ChatRoulette was random culture’s final stand, its Waterloo, linking disparate webcams together via your buccaneering browser. When the chaos unleashed by 17-year-old Andrey Ternovskiy quite predictably brought a tidal wave of exhibitionist penises, it was assured the Age of Random could not survive the next decade.
Whilst algorithmically curated matching would facilitate the systemic piping of 21st century dating, Twitter and the other main highways of the mobile internet of everywhere were providing constant meaningless encounters – ‘random’ could no longer be a novelty in a relentless online world that it was increasingly difficult to withdraw from. Pretty ‘random’, right? Whatever, grandad!
The iPhone 4 (2010)
At the turn of the next decade, the power once held by the paparazzi to hound Britney Spears into crisis was in decline. Celebrity bin raiders like Perez Hilton and Darren Lyons manipulated our perception of the A-list Adonis through sensational tabloid photography, though the mohawked latter perhaps exposed his own dysmorphia by installing a surgical six pack that fooled no one.
The fourth iteration of the iPhone featured its first front-facing camera, and along with new self-publishing platforms like Instagram, began to hand control back to selfie-empowered celebs. Web 2.0, breadcrumbed with often bitty ad revenue, created broadly conservative spaces filled with a generation of sunny marketers and intimate product placement.
2010 also coincided with the launch of The Times paywall – a push back against Alan Rusbridger’s digitally-free content vision from a skeptical Murdoch press, who, about to be hit by the phone-hacking scandal, were furtively cupping their assets.
The original mobile-first messenger, BBM launched in 2005 but peaked in the national consciousness during the 2011 Riots when nearly 40% of British teens had a Blackberry. It was free and untraceable, and created a wildfire of neo-medieval mayhem with the ability to broadcast to large groups in a single incendiary message.
2011 also coincided with the launch of WiFi-compatible Smart TVs and newly-affordable widescreen LCD models – all sitting ducks to Britain’s marauding tea leaf. Meanwhile, Blackberry Messenger’s private nature was a forerunner to WhatsApp’s success, which eventually outpaced competitors through its global appeal, ad-less interface and end-to-end encryption – and ironically, in part, a response to data scandals that its new owner Facebook was involved in.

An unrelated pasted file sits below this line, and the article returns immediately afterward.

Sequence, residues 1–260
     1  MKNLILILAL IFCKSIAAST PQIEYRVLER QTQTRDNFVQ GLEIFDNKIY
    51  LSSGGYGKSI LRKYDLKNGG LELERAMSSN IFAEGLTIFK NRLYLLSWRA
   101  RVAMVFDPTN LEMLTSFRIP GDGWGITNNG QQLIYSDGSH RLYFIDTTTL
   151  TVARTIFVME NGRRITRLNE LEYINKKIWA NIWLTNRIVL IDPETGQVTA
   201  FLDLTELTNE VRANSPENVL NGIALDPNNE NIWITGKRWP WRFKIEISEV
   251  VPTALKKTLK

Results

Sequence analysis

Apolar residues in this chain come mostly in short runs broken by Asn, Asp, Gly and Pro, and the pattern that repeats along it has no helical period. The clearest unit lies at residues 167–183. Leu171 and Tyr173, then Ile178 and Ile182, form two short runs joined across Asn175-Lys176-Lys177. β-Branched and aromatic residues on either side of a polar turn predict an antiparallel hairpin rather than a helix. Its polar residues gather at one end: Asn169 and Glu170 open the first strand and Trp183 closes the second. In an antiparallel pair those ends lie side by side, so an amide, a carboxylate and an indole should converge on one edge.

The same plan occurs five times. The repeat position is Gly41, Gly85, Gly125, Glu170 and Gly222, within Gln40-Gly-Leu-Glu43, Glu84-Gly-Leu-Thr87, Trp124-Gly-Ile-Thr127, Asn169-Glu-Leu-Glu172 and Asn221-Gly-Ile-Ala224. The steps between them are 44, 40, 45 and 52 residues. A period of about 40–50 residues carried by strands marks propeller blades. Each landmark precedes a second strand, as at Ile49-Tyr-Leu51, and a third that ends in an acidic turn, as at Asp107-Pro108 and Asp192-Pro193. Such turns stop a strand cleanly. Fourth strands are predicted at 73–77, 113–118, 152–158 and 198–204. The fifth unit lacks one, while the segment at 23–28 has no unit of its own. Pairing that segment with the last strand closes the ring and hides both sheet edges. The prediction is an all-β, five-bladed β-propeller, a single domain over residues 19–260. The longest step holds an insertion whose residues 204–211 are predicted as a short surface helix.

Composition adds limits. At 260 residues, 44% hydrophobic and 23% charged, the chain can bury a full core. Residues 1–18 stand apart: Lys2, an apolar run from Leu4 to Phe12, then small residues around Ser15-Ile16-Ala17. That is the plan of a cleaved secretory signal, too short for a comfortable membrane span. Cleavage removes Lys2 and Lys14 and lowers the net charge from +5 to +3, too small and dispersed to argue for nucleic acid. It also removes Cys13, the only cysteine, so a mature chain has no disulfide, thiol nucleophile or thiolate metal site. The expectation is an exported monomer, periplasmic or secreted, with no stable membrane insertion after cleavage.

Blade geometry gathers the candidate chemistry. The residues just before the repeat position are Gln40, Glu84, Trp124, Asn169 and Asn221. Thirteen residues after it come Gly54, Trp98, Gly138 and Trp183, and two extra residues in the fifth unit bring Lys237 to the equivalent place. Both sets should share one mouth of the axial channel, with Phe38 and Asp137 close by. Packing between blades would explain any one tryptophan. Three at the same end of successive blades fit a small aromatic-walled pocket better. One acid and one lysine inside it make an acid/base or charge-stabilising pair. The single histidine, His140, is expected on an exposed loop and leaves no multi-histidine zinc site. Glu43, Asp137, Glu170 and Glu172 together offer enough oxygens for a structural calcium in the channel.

Tinder, now a decade young, was beaten off by Grindr to first offer GPS-based rutting, and it was not really until their own 2013 Summer of Love that the straights really got in on the action.
Like Shazam, it provided a new sensation, a rejection-dodging dopamine dump of mutual attraction – a mobile and inclusive successor to Mark Zuckerberg’s snide campus game FaceMash. A further shuffle on from the desktop, it sidestepped OKCupid’s grueling keyboard-orientated profile and questionnaire courtship.
Like OKCupid, it began as a Goldilocks zone for likeminded students, but it became a hulking meat phonebook, outflanked by nicher apps who could maintain a sense of exclusivity. Desperately offering a rigged stack of unobtainable stunners and bewildering premium options, Tinder became online’s late night kebab shop of last resort dating options.
Vine, TikTok’s unemployed older brother, sprouted and withered like some suspiciously discounted grapes after its January 2013 launch. Born into an already hyper-competitive creator market, it failed to offer sustainable monetisation and by October 2016 it had shut down – a month after TikTok first launched.
Within its short lifespan, the six-second video loops still managed to develop their own comedic grammar – set up, pay off and get out – and the app’s graduate japists, Logan Paul and Dapper Laughs, popularised a taste for broad-beated, blokey comedy reminiscent of tailend variety.
Elsewhere, Brian ‘Limmy’ Limond’s Fast Show-style impressionist shorts age better, as compilations on longer-tailed platforms. But perhaps Vine’s mountain of forgotten archive expose digital content’s lasting ephemerality – how much really of what we sweat over online, will be remembered even in a few breaths time?
Part Two coming soon